Beta is a measure used in fundamental analysis to determine the volatility of an asset or portfolio in relation to the overall market. To calculate the beta of a security, the covariance between the return of the security and the return of market must be known, as well as the variance of the market returns.
How to Calculate Beta
The formula for calculating beta is the covariance of the return of an asset and the return of the benchmark divided by the variance of the return of the benchmark over a certain period. Similarly, beta could be calculated by first dividing the security's standard deviation of returns by the benchmark's standard deviation of returns. The resulting value is multiplied by the correlation of the security's returns and the benchmark's returns.
For example, an investor wants to calculate the beta of Apple Incorporated when compared to the SPDR S&P 500 ETF Trust. Based on hypothetical data over the past five years, assume the correlation between Apple Incorporated and the SPDR S&P 500 ETF Trust is 0.85, Apple Incorporated has a standard deviation of returns of 28% and the SPDR S&P 500 ETF Trust has a standard deviation of returns of 12%.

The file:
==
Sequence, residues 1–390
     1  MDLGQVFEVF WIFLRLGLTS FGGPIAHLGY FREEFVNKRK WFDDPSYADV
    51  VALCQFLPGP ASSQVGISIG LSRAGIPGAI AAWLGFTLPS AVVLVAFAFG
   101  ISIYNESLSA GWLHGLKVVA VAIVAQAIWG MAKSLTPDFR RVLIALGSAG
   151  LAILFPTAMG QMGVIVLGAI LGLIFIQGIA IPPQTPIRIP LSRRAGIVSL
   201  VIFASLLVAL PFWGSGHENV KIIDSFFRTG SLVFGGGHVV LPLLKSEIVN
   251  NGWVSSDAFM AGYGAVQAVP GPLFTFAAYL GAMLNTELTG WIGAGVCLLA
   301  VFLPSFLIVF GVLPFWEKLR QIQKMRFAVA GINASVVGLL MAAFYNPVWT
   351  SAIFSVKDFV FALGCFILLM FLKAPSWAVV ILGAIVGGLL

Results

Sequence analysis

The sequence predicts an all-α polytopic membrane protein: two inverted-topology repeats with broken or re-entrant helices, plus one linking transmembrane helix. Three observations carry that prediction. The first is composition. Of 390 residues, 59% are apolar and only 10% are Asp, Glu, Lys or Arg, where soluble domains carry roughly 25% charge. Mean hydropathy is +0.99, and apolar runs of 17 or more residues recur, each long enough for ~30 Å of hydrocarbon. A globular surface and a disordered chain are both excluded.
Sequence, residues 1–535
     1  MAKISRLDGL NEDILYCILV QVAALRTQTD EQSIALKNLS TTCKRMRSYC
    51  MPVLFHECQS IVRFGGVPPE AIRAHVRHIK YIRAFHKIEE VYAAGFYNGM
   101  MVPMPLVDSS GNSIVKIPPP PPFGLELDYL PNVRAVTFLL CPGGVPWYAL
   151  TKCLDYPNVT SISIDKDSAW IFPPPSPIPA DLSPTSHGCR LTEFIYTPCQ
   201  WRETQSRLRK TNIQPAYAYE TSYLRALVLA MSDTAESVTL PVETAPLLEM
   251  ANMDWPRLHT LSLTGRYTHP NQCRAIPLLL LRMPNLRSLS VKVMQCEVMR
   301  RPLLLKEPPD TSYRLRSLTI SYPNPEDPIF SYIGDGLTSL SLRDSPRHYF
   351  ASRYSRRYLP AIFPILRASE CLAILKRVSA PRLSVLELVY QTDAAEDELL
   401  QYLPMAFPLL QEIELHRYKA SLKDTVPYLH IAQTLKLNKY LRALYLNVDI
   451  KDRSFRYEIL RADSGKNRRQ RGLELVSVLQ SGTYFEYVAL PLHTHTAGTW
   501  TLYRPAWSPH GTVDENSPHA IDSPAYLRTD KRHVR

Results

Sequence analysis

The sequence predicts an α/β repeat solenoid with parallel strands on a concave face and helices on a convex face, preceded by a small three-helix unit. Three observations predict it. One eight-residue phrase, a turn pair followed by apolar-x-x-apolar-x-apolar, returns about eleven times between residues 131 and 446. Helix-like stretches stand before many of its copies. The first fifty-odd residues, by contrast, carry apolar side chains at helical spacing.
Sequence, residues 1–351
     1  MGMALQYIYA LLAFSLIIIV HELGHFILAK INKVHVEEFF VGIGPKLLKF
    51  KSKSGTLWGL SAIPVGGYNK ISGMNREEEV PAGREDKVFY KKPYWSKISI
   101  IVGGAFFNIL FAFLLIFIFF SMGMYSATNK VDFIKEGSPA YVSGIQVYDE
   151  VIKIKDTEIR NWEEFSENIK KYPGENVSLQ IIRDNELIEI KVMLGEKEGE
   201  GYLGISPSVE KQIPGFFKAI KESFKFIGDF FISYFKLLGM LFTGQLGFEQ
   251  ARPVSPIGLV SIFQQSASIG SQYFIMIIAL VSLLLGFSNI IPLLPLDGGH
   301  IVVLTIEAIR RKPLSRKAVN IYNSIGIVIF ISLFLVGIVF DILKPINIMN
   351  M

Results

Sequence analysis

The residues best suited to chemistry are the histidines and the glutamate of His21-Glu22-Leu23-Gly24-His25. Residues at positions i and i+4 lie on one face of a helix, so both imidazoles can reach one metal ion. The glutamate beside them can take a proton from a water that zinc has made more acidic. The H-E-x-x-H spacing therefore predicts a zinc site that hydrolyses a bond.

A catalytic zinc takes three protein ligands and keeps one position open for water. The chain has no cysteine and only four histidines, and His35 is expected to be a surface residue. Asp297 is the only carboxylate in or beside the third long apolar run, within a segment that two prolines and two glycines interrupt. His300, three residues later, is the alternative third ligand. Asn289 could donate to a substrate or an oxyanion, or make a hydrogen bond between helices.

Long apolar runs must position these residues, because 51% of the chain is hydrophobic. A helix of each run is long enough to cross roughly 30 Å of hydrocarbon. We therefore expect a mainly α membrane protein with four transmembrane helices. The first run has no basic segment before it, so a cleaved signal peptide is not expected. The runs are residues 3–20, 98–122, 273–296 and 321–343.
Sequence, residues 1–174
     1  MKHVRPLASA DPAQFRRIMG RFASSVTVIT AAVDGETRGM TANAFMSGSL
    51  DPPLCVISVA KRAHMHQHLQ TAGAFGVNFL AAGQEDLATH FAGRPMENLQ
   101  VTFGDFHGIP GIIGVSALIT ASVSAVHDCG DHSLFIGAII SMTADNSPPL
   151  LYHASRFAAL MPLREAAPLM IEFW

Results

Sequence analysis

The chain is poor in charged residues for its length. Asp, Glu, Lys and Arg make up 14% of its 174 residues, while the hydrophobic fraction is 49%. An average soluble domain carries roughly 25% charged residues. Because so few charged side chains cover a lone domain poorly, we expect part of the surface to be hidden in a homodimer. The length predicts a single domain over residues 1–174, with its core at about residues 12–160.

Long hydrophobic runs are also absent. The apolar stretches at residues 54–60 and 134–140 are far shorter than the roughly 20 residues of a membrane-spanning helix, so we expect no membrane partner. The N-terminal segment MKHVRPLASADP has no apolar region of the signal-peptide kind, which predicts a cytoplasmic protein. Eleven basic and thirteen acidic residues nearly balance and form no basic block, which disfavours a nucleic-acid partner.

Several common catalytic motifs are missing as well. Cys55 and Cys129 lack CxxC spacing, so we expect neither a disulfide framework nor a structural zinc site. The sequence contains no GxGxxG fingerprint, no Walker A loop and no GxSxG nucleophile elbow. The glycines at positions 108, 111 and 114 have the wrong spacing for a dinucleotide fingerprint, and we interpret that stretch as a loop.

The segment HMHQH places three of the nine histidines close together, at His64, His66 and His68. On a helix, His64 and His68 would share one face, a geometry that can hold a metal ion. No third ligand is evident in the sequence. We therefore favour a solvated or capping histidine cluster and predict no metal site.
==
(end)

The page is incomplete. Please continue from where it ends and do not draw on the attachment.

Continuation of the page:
The beta of Apple Incorporated is 1.98, or 0.85 multiplied by 0.28 divided by 0.12. In this hypothetical case, Apple Incorporated is considered more volatile than the market exchange-traded fund (ETF). Apple Incorporated theoretically experiences 98% more volatility than the SPDR S&P 500 Exchange Traded Fund Trust.
For another example, assume the investor also wants to calculate the beta of Tesla Motors Incorporated in comparison to the SPDR S&P 500 ETF Trust. In this hypothetical case, based on data over the past five years, assume Tesla Motors Incorporated and the S&P 500 ETF have a covariance of 0.032 and the variance of the S&P 500 ETF is 0.015. Tesla Motors Incorporated has a beta of 2.13, or 0.032 divided by 0.015. Therefore, Tesla Motors Incorporated is theoretically 113% more volatile than the SPDR S&P 500 ETF Trust.